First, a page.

6237138.35The Village Voice has been without a metro columnist since the abrupt departure of longtime staffer Tom Robbins in January.
Starting in June, however, a new name will appear where Robbins' once did on the the masthead: The Cutline has learned that Harry Siegel, the precocious politics writer and son of former Rudolph Giuliani adviser Fred Siegel, has been hired as Robbins' replacement.
At first glance, plucking a journalist with conservative stripes (in the early 2000s, Siegel, 33, worked as an editorial writer and op-ed editor at the right-leaning New York Sun, which folded in 2008), might seem a curious move for a counterculture publication steeped in the liberal tradition of muckraking.
But Siegel says he does not identify as conservative. And political leanings aside: "Harry just blew away everyone else who applied for the job," said Village Voice editor Tony Ortega. "He submitted a long list of story ideas about New York City's power brokers that I am drooling to publish." Siegel will write a weekly column and contribute daily to the Voice's news blog, Runnin' Scared, said Ortega.
"For me, New York is it," Siegel told The Cutline. "It's where I was born and have lived pretty much ever since, and it's what I know best and feel most strongly about. With the 2013 mayoral field the most open since 2001, and the race likely the most pivotal since 1993, it's the perfect time to be in the mix, and a weekly column in the Voice is for me the perfect platform."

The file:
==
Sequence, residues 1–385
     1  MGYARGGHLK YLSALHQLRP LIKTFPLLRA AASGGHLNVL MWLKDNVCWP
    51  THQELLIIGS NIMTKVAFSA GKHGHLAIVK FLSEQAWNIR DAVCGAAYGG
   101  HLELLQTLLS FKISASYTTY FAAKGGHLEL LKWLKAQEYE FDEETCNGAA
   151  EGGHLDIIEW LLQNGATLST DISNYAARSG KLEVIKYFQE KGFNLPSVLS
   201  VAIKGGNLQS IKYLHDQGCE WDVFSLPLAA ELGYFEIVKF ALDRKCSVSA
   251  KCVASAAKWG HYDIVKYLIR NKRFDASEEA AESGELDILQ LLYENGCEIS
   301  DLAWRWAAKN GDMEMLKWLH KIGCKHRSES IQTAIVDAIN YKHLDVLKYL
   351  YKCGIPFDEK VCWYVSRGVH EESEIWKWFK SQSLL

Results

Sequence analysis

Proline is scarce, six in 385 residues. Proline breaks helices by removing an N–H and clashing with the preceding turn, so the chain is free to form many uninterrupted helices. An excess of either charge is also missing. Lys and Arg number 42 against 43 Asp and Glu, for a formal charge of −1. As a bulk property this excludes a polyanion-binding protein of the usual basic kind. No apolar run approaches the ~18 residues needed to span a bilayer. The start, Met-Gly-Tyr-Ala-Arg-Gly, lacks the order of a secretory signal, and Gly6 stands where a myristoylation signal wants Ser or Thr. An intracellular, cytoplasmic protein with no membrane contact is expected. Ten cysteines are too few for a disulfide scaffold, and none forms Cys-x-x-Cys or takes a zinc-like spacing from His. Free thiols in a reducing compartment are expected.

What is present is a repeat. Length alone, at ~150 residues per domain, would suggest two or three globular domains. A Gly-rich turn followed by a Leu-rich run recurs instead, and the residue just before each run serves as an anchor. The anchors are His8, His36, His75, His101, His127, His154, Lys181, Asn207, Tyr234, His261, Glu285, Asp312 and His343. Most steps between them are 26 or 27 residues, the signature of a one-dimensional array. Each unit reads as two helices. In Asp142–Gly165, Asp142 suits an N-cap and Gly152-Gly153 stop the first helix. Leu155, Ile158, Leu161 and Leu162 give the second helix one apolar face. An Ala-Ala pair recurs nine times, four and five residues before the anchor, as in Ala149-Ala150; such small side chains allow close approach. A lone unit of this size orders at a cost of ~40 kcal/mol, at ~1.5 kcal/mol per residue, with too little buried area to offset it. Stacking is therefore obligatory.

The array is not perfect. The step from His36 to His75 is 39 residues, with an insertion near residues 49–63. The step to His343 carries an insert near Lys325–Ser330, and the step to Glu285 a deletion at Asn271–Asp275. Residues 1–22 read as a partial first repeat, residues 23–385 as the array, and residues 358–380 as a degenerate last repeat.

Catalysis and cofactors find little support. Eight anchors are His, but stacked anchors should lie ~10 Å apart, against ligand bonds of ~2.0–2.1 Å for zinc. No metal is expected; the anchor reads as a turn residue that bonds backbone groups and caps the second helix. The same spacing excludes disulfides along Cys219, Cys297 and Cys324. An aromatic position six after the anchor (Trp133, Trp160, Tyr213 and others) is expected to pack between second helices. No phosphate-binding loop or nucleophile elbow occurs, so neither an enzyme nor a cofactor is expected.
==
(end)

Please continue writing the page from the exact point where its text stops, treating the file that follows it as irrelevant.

Siegel's new gig isn't his first stint at a New York alternative newsweekly. From August 2005 through February 2006, he had a brief run as editor-in-chief of the New York Press, resigning with his staff in protest when its publisher refused to let them print the controversial Muhammad cartoons that had triggered demonstrations and riots in several foreign countries. We "have no desire to be free speech martyrs, but it would have been nakedly hypocritical to avoid the same cartoons we'd criticized others for not running," Siegel wrote at the time. He also has worked as an editor at Politico, where he will continue to write occasional opinion pieces.
As for his predecessor, "Robbins combined real institutional knowledge and a willingness to name names," said Siegel. "He leaves some big shoes to fill. I'll leave it to readers to decide if I'm up to the standard he set"
Robbins, who first worked at the paper in the mid-'80s and returned in 2000 following a detour at the Daily News, resigned in the wake of a round of downsizing that claimed fellow Voice veteran Wayne Barret. The iconic free tabloid, which merged with a national chain of alt-weeklies in 2006, has shed about a dozen staffers through layoffs and voluntary attrition over the past several years. Robbins is now the investigative journalist in residence at CUNY's Graduate School of Journalism; Barrett landed as a contributor at Tina Brown's Newsweek-Daily Beast mash-up.